It’s the “mini-brain” located in your gut. In this mini-nervous system, neurotransmitters are released, which can relay, amplify and modulate different signals between cells of the body.

Homeostasis: The body’s secret weapon

The body likes things to stay the same, aka homeostasis. When homeostasis is interrupted, the body tries to self-regulate and get back on track.

With body weight, there are internal challenges in maintaining homeostasis. As nutrients are used, they must be replaced. Our bodies say “Please replenish these nutrients”, aka “Eat.” Our bodies say “Thank you, that’s enough for what I require”, aka “Stop eating.”

When we honour homeostatic hunger signals, we achieve optimal health.

  • If we eat when we are not hungry, the distraction and pleasure are only temporary; consequently, we have to eat more to feel better, feeding the cycle.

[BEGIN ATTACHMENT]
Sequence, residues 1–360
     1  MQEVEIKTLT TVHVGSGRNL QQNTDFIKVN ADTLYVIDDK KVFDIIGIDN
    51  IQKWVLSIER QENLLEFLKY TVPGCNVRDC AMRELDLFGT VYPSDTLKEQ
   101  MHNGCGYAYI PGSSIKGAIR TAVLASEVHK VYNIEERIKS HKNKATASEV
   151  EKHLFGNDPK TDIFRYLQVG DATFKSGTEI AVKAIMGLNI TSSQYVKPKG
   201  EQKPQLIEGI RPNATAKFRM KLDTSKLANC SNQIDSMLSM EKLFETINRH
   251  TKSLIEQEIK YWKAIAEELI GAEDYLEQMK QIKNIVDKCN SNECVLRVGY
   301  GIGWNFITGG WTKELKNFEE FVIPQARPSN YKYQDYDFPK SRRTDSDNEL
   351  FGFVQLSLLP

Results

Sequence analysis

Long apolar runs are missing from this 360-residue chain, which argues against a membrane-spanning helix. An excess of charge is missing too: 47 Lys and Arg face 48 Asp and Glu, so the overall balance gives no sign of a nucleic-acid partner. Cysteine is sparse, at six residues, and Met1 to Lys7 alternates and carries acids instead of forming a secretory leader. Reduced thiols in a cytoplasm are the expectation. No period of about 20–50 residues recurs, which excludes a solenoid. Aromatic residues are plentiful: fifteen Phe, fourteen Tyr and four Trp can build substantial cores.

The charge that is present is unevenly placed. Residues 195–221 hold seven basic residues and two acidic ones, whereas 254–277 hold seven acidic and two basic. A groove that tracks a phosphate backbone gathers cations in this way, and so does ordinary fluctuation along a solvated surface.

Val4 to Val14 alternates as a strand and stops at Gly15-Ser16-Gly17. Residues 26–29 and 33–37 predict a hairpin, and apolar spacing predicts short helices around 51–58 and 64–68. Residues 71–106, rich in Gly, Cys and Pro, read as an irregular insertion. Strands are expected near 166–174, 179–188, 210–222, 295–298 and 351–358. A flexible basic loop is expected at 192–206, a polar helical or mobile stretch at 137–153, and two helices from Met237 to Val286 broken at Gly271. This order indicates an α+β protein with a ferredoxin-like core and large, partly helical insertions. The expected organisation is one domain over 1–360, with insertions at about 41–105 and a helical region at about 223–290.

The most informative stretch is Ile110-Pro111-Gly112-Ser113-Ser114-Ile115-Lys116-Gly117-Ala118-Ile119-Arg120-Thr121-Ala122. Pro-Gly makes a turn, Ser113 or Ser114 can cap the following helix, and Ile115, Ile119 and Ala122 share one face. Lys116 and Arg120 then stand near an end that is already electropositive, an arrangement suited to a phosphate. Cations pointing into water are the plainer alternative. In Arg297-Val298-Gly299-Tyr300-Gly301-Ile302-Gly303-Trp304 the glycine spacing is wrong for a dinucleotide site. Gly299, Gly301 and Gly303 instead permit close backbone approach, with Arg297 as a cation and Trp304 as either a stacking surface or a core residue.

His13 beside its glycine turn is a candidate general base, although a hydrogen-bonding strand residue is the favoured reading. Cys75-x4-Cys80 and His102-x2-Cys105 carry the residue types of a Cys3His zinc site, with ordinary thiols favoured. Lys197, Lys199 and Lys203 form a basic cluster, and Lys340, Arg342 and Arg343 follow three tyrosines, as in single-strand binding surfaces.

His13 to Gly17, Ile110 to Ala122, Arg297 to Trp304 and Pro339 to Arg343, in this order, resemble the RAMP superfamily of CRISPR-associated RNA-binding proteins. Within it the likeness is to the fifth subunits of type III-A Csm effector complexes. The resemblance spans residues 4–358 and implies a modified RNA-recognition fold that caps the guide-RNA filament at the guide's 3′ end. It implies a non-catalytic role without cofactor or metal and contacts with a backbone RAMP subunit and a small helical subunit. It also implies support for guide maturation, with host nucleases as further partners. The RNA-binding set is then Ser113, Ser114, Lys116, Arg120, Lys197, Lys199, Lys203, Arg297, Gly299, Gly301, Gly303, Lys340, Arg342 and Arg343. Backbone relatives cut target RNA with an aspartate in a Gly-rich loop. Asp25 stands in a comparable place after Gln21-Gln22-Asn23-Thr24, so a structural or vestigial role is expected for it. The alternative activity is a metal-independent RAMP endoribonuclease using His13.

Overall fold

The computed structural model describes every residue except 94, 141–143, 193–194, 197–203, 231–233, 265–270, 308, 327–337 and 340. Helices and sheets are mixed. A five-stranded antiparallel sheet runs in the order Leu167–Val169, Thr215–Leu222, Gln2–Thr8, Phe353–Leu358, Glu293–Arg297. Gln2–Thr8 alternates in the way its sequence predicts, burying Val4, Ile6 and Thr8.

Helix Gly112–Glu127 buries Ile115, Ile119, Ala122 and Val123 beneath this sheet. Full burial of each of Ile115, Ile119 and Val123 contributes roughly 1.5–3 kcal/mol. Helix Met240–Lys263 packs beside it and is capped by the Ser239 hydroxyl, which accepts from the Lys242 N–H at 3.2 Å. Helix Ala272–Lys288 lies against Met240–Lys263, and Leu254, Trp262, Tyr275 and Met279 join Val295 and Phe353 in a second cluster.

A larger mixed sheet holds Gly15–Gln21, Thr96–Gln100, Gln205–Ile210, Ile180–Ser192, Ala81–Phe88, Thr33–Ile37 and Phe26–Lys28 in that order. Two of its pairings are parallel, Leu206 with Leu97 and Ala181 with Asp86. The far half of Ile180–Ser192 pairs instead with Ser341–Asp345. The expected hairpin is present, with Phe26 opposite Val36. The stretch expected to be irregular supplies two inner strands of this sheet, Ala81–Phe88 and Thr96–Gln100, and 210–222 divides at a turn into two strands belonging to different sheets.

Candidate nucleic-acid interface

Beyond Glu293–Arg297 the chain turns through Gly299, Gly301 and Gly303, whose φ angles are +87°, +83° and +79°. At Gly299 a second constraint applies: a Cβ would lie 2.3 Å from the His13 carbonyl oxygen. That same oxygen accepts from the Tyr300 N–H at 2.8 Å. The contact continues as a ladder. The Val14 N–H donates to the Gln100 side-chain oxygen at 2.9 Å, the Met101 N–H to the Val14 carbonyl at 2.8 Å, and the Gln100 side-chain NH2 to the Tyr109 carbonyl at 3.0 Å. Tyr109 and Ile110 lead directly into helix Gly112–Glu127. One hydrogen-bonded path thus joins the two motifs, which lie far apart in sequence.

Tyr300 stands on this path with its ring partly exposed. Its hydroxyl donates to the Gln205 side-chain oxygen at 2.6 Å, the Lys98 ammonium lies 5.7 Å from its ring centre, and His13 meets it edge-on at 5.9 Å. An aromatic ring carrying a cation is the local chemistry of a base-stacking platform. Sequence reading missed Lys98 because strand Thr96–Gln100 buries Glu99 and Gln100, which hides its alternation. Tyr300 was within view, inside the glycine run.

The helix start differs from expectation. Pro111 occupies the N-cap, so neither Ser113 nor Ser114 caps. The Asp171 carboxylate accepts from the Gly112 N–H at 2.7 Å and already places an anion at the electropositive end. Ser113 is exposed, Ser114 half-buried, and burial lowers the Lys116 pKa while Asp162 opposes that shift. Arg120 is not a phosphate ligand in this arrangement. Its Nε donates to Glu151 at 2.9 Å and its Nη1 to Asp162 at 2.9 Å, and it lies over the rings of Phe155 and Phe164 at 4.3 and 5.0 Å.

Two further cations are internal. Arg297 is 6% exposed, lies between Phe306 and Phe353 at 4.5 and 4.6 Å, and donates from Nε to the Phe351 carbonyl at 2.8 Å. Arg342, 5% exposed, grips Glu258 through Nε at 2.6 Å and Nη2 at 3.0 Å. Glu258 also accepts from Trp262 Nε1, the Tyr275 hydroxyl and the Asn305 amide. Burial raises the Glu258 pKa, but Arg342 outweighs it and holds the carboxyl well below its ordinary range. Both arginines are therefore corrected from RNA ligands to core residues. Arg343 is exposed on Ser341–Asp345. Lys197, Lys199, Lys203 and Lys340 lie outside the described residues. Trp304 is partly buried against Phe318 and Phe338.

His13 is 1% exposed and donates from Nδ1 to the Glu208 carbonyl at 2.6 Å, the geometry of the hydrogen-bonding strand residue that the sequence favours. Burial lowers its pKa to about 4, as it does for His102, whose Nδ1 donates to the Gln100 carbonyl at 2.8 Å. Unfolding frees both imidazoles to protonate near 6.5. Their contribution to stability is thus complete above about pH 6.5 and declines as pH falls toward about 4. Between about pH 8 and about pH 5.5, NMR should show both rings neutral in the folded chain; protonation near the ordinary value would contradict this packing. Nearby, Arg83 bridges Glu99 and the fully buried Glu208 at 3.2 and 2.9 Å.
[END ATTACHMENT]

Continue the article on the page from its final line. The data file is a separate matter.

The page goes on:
• If we do not eat when we are hungry, our body gets us back eventually by cranking up our appetite signals and smothering our fullness signals. The biggest trigger of binge eating? Dieting.

 

Please have a look at my habits based  Yoga Coach  program. As a Precision Nutrition certified coach, Eating Slowly and Eating to 80% full, are some of the first things we practice!  These foundational habits come before everything else and underpin the whole program!  The great thing is they can be practised at every meal, and also when we eat out, regardless of the food options we have in front of us!

 

Katie ~ Yoga Coach 🧘🏼‍♀️😊

 

This post is a compilation of these original Precision Nutrition articles:

~ All about slow eating

~ All about appetite regulation, part 1

~ All about appetite regulation, part 2